The ID channel 304 is used to improve handoffs from asynchronous base stations 204, 206, 208 to synchronous base stations 210, 212. In particular, the ID channel 304 aids a mobile station in determining the pilot PN offset, and therefore the identity and timing of the target synchronous base station 210 or 212 to which it is handing off. As described above, the conventional sync channel 302 contains a large amount of information in addition to the pilot PN offset of the transmitting base station. None of this additional information is as immediately critical to the mobile station during handoff from an asynchronous base station to a synchronous base station as the pilot PN offset. Thus, in the embodiment of
In the exemplary embodiment, the ID channel 304 is Golay encoded. For example, in the embodiment that has 12 bits (9 pilot PN offset, plus 2 phase, plus 1 even/odd), the ID channel 304 uses a 24 bit (24, 12) Golay code word. Golay codes are well known in the art as being robust, efficient error correcting codes and will not be discussed in detail herein. Example Golay coding and decoding techniques are given in the book “Error Control Coding: Fundamentals and Applications”, by Shu Lin and Daniel J. Costello, Jr., ISBN 0-13-283796-X. However, other error-correcting coding techniques such as convolutional encoding or other techniques well known in the art may be used for the ID channel 304 without departing from the present invention.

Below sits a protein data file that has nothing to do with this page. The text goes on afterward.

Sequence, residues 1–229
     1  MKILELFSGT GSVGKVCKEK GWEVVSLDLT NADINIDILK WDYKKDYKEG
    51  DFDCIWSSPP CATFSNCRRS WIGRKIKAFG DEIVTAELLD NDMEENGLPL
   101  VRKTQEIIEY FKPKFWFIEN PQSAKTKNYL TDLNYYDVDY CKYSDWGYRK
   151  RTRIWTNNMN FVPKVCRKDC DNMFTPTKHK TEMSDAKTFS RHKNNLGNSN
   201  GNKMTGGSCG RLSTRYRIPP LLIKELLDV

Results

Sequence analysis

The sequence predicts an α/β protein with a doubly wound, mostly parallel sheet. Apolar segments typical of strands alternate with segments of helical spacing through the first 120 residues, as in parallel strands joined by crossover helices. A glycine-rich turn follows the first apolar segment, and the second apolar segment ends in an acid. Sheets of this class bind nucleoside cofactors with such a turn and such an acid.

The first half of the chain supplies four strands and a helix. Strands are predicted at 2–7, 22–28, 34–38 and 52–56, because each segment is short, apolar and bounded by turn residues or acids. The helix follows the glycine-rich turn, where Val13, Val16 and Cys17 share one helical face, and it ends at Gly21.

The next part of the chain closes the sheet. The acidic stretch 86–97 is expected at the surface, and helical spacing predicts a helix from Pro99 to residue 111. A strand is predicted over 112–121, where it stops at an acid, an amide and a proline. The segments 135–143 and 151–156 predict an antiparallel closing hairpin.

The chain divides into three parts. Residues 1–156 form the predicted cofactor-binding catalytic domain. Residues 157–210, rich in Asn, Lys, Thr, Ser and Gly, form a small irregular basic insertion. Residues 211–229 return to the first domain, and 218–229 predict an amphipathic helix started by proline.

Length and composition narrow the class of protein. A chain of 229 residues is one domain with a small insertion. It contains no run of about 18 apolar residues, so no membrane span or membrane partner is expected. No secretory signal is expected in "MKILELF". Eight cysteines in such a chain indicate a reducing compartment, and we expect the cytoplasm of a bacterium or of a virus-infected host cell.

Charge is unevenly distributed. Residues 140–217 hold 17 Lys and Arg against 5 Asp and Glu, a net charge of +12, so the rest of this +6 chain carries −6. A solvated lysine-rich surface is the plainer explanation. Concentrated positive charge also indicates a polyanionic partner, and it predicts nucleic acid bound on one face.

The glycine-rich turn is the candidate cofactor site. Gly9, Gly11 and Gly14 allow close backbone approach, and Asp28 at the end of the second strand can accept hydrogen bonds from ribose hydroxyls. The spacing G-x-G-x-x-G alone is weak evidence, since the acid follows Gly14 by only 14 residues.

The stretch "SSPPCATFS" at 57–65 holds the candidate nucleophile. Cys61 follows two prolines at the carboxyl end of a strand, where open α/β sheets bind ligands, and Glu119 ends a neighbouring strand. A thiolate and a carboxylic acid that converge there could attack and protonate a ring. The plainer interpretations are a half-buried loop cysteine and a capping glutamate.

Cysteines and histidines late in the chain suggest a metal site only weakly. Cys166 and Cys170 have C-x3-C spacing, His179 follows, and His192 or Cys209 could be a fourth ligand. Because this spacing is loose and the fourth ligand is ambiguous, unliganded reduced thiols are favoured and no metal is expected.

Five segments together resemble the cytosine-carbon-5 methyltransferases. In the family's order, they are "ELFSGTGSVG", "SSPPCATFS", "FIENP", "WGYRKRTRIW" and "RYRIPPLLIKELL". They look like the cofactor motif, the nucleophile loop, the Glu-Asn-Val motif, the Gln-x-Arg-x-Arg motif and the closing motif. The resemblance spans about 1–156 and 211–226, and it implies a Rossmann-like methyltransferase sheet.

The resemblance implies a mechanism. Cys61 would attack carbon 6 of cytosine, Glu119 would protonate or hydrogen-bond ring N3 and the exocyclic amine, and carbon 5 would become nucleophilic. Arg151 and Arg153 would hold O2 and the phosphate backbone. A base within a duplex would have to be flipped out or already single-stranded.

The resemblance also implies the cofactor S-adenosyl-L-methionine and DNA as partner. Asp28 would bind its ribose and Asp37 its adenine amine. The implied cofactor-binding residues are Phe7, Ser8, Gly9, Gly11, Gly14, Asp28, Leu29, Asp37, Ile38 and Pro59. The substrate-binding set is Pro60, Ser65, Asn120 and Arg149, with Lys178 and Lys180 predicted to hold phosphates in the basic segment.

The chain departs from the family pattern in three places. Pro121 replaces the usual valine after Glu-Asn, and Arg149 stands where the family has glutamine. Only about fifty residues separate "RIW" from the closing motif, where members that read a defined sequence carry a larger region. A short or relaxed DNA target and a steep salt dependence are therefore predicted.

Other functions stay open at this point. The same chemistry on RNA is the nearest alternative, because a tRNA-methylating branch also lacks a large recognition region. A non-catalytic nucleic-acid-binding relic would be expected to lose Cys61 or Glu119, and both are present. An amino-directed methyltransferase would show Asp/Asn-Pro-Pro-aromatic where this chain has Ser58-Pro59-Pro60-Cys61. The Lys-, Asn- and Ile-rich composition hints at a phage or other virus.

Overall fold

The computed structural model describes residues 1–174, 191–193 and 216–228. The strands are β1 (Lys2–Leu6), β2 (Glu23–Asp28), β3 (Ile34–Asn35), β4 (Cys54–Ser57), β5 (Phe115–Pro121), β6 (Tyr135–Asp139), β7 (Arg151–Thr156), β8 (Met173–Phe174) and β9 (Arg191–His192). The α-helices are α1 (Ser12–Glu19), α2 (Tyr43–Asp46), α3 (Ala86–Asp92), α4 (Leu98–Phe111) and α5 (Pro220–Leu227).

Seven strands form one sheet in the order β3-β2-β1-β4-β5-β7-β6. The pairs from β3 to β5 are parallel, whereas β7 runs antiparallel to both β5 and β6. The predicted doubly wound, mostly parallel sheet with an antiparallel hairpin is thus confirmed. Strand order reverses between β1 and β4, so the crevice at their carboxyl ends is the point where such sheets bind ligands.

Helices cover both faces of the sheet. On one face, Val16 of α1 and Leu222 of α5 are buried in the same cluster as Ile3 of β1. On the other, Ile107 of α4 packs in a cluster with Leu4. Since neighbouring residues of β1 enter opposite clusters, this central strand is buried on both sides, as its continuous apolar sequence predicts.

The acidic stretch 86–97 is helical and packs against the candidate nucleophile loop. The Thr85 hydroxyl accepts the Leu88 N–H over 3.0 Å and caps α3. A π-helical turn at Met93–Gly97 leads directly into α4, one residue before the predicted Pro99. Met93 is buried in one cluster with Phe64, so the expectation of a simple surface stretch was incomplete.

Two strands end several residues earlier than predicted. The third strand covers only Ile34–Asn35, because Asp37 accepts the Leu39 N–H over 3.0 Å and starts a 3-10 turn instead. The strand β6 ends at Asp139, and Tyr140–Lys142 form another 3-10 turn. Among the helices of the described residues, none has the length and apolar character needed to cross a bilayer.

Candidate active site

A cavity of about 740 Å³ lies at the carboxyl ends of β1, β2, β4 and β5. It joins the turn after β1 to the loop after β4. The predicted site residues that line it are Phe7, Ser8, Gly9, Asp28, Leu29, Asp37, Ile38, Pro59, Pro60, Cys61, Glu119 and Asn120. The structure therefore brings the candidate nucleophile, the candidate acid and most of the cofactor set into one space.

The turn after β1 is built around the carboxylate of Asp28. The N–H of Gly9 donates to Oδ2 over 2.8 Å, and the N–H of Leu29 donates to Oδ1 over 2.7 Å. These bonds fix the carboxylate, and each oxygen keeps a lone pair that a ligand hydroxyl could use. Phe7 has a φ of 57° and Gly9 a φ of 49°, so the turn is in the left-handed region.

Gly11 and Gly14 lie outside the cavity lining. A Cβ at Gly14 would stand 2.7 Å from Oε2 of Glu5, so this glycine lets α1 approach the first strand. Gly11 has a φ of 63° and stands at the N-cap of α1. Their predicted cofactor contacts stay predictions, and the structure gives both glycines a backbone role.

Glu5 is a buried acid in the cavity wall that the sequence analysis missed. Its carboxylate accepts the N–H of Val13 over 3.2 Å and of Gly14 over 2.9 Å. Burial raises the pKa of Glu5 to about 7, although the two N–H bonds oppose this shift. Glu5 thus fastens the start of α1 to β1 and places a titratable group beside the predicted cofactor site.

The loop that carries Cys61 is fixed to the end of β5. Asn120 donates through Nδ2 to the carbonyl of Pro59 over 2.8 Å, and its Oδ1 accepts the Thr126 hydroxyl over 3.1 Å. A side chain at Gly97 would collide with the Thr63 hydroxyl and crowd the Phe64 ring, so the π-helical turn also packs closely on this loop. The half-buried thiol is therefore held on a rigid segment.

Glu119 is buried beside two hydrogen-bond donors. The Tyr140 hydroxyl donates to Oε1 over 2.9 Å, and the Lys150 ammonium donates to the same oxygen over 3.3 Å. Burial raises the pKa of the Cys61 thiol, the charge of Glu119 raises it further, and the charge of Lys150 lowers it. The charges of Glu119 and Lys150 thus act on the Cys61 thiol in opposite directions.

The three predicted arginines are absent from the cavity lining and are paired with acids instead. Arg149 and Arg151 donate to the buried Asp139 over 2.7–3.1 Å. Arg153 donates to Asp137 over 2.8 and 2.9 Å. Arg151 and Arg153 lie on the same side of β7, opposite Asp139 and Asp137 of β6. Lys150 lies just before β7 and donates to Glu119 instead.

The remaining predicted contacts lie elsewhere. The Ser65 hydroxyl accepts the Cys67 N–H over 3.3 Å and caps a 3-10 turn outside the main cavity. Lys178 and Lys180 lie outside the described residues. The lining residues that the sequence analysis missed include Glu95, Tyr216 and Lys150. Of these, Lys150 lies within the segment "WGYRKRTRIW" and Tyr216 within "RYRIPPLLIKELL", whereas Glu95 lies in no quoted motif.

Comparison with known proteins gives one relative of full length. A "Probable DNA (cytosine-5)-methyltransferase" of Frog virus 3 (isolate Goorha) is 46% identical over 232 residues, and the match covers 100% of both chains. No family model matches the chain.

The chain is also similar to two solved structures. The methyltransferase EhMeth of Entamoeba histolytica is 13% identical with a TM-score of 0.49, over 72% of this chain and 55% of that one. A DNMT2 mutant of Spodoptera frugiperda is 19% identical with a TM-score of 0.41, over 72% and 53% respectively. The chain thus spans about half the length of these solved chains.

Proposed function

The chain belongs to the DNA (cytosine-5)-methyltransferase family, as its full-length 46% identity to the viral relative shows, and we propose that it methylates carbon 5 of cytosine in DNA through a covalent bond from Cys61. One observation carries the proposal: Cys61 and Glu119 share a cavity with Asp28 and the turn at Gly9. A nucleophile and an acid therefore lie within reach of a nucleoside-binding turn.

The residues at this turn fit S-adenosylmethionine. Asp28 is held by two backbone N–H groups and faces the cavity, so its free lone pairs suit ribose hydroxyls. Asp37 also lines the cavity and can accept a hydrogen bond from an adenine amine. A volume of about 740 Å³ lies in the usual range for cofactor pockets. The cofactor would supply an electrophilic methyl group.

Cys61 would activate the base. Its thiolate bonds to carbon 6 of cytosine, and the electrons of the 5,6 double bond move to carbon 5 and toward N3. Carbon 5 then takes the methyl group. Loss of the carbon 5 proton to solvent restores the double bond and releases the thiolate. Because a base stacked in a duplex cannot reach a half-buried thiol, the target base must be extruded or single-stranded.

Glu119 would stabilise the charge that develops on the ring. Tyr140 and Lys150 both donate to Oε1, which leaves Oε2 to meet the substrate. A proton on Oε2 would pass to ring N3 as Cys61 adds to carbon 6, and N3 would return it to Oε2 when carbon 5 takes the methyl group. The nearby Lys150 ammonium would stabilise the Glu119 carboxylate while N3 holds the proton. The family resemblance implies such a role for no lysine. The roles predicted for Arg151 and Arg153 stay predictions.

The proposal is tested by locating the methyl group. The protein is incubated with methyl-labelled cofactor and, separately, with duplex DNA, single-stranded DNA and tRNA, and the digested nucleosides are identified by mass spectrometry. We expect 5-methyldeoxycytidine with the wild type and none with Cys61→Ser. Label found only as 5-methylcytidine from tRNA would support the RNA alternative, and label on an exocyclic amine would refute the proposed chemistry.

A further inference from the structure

Each ID channel frame 304A, 304B, 304C may contain one or more code words with each code word containing the pilot PN offset, and optionally the other information described above. The ID channel 304 preferably is continuously repeated. The continuous repetition allows a mobile station that did not collect sufficient energy during the duration of a single code word to combine energy from multiple consecutive code words in order to decode the code word and recover the pilot PN offset. In one embodiment of the present invention, only those synchronous base stations 210, 212 that have at least one asynchronous base station 204, 206, 208 as a neighbor would transmit the ID channel 304.
In another embodiment of the present invention, a separate ID channel 304 is not transmitted. Instead, under certain conditions, the information on the sync channel 302 is reduced to decrease the amount of time necessary for the mobile station to obtain the pilot PN offset of the transmitting base station. This second embodiment will be disclosed with reference to an exemplary cdma 2000 system.
This alternate embodiment provides a more efficient structure for the sync channel message that may be used when the base station is transmitting at high data rates. In this alternate embodiment, several fields that would otherwise be part of the sync channel message are moved to another broadcast channel so that the sync channel message can be significantly shortened. This leads to a shorter “boot-up” time within the mobile station after acquisition with no previous information on system time. Later, the mobile station may then read the less critical information on the separate broadcast channel.